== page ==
The Cantor Arts Center respects the intellectual property rights of others and we ask that you do the same. You can learn more at http://fairuse.stanford.edu/internet-resources/
Accessible by numerous public transportation agencies including Caltrain, Santa Clara Valley Transportation Agency, SamTrans, Bay Area Rapid Transit, Altamont Commuter Express, Dumbarton Express, and the East Bay Express.
The Stanford Marguerite, a free weekday shuttle system, picks up and delivers passengers to and from nearby public transportation stations and university locations, including the Cantor Arts Center, Rodin Sculpture Garden, and beyond. If you would like to know more about the Marguerite shuttle, please contact the Transportation Office at 650-723-9362 or visit the Transportation Office Web site at http://transportation.stanford.edu
The Hewlett-Packard House and Garage is located at 367 Addison Avenue in Palo Alto. This garage is the birthplace of Silicon Valley. The idea for such a region originated with Dr. Frederick Terman, a Stanford University professor who encouraged his students to start up their own electronics companies in the area instead of joining established firms in the east. The first two students to follow his advice were William R. Hewlett and David Packard, who in 1938 began developing their first product, an audio oscillator, in this garage.
See also: HP House & Garage
And this second important article: article in the Mercury News
Googleplex central campus – 1600 Amphitheatre Parkway, Mountain View, CA 94043. From the center of Palo Alto that is a 15 minute drive.
“Search engine Internet giant, Google, was founded in 1998 by Larry Page and Sergey Brin and in February of 1999 moved into office space at 165 University avenue with 11 employees. Later that year, Google moved to Mountain View as space became an issue for expansion plans.” (…) Source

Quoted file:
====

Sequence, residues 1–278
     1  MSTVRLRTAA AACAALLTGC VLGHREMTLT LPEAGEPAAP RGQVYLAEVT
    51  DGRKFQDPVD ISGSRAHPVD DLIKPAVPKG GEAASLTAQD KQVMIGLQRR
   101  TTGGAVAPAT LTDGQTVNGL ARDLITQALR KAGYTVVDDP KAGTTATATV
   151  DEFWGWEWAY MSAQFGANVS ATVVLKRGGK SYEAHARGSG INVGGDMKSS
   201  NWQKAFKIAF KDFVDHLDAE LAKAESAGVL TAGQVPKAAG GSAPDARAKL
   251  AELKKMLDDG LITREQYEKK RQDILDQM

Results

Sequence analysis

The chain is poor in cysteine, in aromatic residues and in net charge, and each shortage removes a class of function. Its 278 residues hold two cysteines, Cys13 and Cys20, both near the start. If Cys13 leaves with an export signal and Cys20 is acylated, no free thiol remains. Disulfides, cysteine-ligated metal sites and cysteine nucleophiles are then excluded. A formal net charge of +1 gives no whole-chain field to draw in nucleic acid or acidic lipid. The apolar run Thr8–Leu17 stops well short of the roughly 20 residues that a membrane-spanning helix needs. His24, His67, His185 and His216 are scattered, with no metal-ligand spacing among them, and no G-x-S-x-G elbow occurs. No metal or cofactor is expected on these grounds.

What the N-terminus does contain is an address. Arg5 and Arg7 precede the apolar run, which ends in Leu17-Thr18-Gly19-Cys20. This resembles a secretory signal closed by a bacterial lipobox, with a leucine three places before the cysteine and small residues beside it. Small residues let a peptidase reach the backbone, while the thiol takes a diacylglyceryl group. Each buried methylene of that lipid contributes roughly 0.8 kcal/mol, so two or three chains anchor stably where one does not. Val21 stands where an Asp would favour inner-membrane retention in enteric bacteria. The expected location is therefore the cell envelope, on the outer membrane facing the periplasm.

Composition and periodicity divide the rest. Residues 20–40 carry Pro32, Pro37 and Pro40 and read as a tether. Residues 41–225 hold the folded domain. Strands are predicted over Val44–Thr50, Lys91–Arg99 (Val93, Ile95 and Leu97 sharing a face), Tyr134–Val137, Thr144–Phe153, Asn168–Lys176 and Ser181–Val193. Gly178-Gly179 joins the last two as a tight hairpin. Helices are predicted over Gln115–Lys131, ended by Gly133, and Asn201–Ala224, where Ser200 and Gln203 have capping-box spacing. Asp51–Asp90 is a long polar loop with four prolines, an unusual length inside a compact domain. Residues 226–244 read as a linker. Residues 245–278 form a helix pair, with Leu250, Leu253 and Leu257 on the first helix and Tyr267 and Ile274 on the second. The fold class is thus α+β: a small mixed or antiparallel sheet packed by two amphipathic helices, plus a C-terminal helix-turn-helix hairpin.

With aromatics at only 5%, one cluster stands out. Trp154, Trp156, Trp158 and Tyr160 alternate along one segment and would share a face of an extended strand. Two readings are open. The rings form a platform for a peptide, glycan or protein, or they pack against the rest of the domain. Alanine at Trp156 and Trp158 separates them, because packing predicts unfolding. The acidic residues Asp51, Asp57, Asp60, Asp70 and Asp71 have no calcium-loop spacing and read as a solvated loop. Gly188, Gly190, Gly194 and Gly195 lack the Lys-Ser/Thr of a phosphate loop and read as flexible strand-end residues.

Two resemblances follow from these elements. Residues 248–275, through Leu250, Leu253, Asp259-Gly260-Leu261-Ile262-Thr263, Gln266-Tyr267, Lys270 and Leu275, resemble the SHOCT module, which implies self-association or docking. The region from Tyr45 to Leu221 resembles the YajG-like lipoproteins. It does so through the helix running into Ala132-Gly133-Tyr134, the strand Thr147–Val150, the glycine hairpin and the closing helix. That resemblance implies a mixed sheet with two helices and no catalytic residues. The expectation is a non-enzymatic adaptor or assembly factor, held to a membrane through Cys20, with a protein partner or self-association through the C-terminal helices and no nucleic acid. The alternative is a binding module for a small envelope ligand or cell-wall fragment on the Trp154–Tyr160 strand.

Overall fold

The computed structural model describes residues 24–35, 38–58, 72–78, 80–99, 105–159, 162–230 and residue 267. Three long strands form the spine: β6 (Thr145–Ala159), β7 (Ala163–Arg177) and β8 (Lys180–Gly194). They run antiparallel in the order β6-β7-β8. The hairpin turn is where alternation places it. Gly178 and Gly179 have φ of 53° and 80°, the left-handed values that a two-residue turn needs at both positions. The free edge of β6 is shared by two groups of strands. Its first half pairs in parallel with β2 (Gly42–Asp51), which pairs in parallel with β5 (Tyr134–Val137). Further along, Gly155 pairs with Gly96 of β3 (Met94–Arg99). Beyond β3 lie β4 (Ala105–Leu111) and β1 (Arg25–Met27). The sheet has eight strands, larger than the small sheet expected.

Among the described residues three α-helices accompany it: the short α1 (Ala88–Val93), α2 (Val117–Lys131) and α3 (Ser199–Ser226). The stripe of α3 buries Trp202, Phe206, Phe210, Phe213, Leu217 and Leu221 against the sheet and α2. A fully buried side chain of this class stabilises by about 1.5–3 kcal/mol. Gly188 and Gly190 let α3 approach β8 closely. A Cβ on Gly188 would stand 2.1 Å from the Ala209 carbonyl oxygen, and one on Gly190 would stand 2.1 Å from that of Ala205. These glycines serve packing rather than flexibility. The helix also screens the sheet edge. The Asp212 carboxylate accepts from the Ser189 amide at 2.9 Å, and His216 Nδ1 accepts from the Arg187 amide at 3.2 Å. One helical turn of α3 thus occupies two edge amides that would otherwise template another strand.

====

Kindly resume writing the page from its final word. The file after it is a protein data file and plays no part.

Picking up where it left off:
Note: The original “The Facebook Inc” headquarters were located at 471 Emerson Street in Palo Alto “In 2004, when Facebook was then known as thefacebook.com, they leased space at 156 University Avenue, in Downtown Palo Alto. Then in Feb 2005, Facebook leased 471 Emerson at the corner of Emerson and University Avenue. In December 2011, Facebook was spread out across about a dozen locations downtown, including the Magnolia Hi-Fi building and a small office space at 101 University and 1601 California Avenue. At the end of 2011, Facebook completed their move to Menlo Park.” Adapted from LifeWithFive.com
Location: 1 Hacker Way, Menlo Park, CA 94025, USA
Worth a read: on mercurynews.com
Timeline history: on businessinsider.com
Entrance to Stanford – Map and Street View. For this I choose to have 3 street views (instead of your having to navigate inside of one or the other).
Google Maps is AMAZING! Let us take the example of a walk I have searched for locally. Here is Google’s estimated walk time from mid-town to a location close to the wonderful Palo Alto Baylands Nature Preserve
Please double check the estimates and route planner / distances BEFORE traveling by foot; walking distances may vary if you wish to avoid large roads. Example: Going SOUTH from Palo Alto you will maybe wish to avoid using El Camino Real by foot and would no doubt prefer to walk parallel to it on a bike friendly street. Example: The Bryant St. “Bicycle Boulevard” (going from Palo Alto Avenue to East Meadow Drive at a distance of about 20 minutes by bike and 1 h 4 min (3.3 mi) by foot) includes branding signage, enhanced roadway markings and additional traffic calming measures.
9 m walking time (o.4 mile) estimated.
8 minutes for 0.4 mile:
1 h 13 min (3.7 miles) via Embarcadero Rd:
1 h 30 min (4.6 miles) via San Francisquito Creek Trail:
1 h 19 min (4.1 miles) via E Bayshore Rd
45 min (2.3 miles) via Embarcadero Rd and E Bayshore Rd
59 min (3.0 miles) via Embarcadero Rd and North California Ave
14 min (0.7 mile) via Park Blvd and Portage Ave
38 min (1.9 miles) via Park Blvd and W Meadow Dr
45 min (2.2 miles) via East Meadow Dr and Maybell Ave
1 h 6 min (3.4 miles) via Hanover St
21 min (1.0 mile) via Palm Dr